About 200 affordable housing units will be part of the redevelopment of a parcel of surplus land sold to developers for $36 million near Yonge and Wellesley Sts., the province has announced.
The land just west of Yonge St. includes 26 Grenville St. and 27 Grosvenor St., the former Ontario Chief Coroner’s office and parking deck that was sold to Greenwin Incorporated and Choice Properties REIT.
They plan to build two towers — about 50 storeys to the south and 36 or 37 to the north — with 700 purpose-built rental units, a daycare and retail space.
“That’s $36 million that we will be able to reinvest in the core programs and services,” said Minister of Government and Consumer Services Bill Walker at a Monday morning press conference.
“Construction will begin this fall. Substantial completion is projected for Christmas 2023,” he said.
The parcel that comprises nearly an acre is part of a sell-off of about 243 surplus properties that the province announced in December. It is supposed to raise between $105 million and $135 million over four years and save $9.6 million in operating costs.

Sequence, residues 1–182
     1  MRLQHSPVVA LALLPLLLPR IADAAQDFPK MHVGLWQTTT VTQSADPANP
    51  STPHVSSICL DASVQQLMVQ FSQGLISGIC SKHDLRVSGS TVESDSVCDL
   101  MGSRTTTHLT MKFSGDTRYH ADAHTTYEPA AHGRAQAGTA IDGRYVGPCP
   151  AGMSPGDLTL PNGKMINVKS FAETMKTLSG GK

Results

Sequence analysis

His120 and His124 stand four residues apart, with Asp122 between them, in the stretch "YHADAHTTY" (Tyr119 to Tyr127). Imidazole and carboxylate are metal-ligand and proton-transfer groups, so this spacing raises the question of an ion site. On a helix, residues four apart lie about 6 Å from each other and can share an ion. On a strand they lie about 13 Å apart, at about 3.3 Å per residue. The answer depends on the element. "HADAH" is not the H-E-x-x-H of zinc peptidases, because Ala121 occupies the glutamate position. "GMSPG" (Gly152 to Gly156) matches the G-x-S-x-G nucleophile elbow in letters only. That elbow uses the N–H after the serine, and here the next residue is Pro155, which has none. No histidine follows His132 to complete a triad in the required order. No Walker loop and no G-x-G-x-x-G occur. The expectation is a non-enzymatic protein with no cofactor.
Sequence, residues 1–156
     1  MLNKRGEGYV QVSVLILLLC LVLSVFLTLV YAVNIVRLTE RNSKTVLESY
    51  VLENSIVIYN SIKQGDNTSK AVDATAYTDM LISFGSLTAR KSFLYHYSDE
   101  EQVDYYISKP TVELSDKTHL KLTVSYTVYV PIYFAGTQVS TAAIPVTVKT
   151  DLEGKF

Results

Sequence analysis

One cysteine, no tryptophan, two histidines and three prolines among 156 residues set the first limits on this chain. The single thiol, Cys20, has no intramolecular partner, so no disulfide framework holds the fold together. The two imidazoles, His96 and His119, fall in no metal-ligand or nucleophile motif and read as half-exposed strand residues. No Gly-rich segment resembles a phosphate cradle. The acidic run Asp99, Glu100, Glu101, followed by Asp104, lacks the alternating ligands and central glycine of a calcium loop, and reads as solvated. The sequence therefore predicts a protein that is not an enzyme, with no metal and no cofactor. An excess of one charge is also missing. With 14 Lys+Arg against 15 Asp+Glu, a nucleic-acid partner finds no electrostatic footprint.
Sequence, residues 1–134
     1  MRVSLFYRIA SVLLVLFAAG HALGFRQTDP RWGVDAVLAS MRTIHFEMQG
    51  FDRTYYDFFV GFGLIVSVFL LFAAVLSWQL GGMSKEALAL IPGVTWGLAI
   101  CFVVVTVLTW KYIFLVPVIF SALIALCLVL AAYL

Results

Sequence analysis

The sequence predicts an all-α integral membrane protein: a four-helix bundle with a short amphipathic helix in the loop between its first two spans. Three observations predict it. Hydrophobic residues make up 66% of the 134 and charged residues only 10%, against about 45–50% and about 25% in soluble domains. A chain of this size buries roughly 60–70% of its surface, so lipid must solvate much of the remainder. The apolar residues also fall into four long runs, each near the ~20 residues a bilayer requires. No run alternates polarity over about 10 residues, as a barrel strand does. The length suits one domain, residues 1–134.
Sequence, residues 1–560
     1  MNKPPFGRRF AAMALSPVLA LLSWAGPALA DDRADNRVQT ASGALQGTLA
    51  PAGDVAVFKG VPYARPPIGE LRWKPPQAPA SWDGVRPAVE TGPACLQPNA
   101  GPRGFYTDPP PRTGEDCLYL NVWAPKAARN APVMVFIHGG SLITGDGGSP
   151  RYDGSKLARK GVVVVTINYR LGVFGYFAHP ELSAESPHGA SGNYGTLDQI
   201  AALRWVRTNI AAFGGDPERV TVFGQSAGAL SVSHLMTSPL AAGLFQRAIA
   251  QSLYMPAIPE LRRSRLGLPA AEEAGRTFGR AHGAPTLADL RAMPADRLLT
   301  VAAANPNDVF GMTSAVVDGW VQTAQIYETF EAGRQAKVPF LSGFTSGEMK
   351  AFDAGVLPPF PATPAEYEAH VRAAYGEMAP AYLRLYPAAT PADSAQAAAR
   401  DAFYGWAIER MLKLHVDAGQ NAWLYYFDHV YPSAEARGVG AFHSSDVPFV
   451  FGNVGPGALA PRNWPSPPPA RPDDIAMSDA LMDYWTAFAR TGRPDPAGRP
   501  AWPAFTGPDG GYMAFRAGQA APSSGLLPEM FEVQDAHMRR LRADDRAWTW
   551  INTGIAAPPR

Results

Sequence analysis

The Grenville-Grosvenor redevelopment will save $260,000 a year in operating and maintenance costs, Walker said.
“Far too many people are being pushed out of the city because of the high cost of housing. There are not enough housing options that meet people’s needs. We need more rental housing, housing that is affordable, that meets people’s budgets and it has to be near to the important services they rely on,” said Municipal Affairs and Housing Minister Steve Clark.
He is expected within the next weeks to launch the Progressive Conservative government’s Housing Supply Action Plan to increase the supply and affordability of housing, particularly in the Toronto region.
The government announcement comes the same day that a Ryerson University Centre for Urban Research and Land Development report suggested there are 6,000 surplus government sites that could be redeveloped for housing in Ontario’s Greater Golden Horseshoe.
Those include 180 Toronto parking lots, cited in a study by the Toronto Region Board of Trade; the potential for redeveloping LCBO stores and “underutilized school sites” that “are going untapped,” said a press release accompanying the report.